[Vblock]
Worn original V Blocks

The counterweight shaft

The counterweight stub shaft is attached to the arm wand by a metal wire. The purpose of this arrangement is to "decouple" the counterweight from the armwand. Almost all vintage Lencos suffer from a drooping, floppy, counterweight. The problem is simply that the metal wire stretches over time. Repairing or replacing the wire in the counterweight stub suspension is really not a feasible option. Some DIYers have attempted such a repair but seldom sucessfully.

[counterweight shaft]
Floppy counterweight shaft

The easiest solution is to simply weld the 2 parts together using liquid metal and a short piece of metal rod. It looks ugly but it does the job. Note that in the photos below, the metal pin that is welded to the shaft turned out to be slightly too big to fit in to the cap that holds the arm wand in place. Not every DIY idea works on the first try! Make sure you do a test fit to ensure that everything will go back together before welding something to the arm wand. Others have had success with simply gluing the parts together with epoxy. These solutions of course defeat the original design strategy but, in any case, a floppy counterweight is probably worse than no decoupling. It also looks silly. What will your buddies think? Considering that the purpose of the whole exercise is to have a low budget fix for an obsolete tonearm, this compromise is reasonable. For those interested in further researching this idea, Pierre Lurné, expressed some very interesting thoughts on the topic of vibration decoupling in an article that appeared in Stereophile magazine in 1987 and republished in 2010. In this article he specifically expressed a preference for a non-decoupled counterweight. You will have to look for it as I have not obtained permission to reprint it here.

[Pin_1]
Metal Pin repair method
[Pin_2]
Metal Pin closeup

One popular fix for this problem is to wind some thread or fishing line in the joint between the arm wand and the counterweight shaft. This will spread apart the two parts and take up some of the looseness. This solution works however over the long term the line tends to work its way out of the joint and one has to start over. One solution for this is to glue the line in the joint and then wrap it with metal tape. Of course, the counterweight is then no longer on a decoupled shaft.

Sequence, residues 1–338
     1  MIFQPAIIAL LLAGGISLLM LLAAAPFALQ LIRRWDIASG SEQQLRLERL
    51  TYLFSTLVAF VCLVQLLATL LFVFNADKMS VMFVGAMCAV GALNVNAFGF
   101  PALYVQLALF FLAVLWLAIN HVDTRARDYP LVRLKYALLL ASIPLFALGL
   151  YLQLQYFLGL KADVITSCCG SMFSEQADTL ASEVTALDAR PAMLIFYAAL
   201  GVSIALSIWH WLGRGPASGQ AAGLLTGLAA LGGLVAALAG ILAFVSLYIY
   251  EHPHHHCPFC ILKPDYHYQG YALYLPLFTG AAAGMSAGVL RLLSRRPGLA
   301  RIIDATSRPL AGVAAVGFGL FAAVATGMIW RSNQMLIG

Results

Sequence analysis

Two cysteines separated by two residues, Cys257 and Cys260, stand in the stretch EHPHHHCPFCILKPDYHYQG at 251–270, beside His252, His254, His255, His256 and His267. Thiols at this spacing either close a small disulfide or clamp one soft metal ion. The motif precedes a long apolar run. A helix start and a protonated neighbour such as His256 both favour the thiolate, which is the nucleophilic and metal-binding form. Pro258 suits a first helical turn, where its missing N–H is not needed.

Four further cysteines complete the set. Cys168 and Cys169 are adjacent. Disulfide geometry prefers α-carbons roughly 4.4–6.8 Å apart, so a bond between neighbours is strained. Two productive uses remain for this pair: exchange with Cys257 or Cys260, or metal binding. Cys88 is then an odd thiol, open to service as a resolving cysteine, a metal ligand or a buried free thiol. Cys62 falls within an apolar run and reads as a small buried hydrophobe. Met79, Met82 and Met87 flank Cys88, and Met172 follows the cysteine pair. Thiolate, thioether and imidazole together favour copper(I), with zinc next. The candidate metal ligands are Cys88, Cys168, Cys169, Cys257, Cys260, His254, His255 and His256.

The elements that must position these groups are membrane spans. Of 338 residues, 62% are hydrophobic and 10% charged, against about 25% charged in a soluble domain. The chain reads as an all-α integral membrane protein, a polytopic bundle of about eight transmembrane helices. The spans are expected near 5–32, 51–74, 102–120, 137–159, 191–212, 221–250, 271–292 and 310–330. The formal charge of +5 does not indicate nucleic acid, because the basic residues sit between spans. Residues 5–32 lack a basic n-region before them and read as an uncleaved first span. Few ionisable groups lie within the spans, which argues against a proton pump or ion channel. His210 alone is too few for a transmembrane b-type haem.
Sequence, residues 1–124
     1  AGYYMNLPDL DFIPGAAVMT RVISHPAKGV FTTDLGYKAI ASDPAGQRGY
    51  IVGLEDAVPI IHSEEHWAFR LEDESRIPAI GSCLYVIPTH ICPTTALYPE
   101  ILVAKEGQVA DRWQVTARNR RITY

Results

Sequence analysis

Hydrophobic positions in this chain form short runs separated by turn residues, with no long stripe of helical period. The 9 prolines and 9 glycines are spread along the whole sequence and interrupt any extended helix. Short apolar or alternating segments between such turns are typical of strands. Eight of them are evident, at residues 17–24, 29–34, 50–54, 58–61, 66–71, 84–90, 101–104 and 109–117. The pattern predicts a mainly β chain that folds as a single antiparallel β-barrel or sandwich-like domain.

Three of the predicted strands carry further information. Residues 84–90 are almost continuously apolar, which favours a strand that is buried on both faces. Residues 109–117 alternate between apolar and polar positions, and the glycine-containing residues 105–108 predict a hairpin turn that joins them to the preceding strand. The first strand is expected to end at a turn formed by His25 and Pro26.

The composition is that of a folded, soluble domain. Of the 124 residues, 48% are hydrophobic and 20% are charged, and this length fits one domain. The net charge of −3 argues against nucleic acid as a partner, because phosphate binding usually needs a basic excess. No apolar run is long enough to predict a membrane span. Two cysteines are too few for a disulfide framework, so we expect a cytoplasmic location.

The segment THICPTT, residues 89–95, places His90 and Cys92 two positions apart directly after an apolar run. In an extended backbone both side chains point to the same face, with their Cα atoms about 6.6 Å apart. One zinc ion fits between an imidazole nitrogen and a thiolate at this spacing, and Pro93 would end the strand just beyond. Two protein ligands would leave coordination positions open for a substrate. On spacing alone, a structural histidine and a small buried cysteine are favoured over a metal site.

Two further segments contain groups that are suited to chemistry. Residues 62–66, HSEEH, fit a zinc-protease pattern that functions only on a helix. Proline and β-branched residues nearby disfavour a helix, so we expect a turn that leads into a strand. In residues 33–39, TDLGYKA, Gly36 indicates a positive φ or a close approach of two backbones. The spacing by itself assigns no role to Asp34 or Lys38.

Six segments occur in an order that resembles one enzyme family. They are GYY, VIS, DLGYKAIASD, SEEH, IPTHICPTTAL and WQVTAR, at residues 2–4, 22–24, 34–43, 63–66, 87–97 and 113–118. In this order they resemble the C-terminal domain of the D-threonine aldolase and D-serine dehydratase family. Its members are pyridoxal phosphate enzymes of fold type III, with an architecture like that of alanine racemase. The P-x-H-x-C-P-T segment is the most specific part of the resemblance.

[thread and tape]
Fishing line and metal tape repair
[assembled view]
Assembled with cap

My system presently includes 2 Lenco idler drive turntables, one of which is close to original. The original plinth has been glued and screwed into 1.5 inches thick of Baltic Birch plywood. It uses an original Lenco tonearm with an Dynavector DV XX2MKII cartridge mounted in a new headshell. It has the new V-blocks and the fishing line and metal tape repair has been implemented. Some leftover plywood, V-blocks and a new headshell for a sound that can embarrass some much more expensive turntables!

So, there you have it. Get your Lenco arm back in the game in 3 easy steps. Enjoy.

Fast forward to Part 2

DISCLAIMER. TNT-Audio is a 100% independent magazine that neither accepts advertising from companies nor requires readers to register or pay for subscriptions. After publication of reviews, the authors do not retain samples other than on long-term loan for further evaluation or comparison with later-received gear. Hence, all contents are written free of any “editorial” or “advertising” influence, and all reviews in this publication, positive or negative, reflect the independent opinions of their respective authors. TNT-Audio will publish all manufacturer responses, subject to the reviewer's right to reply in turn.

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© Copyright 2020 Roger McCuaig - roger@tnt-audio.com - www.tnt-audio.com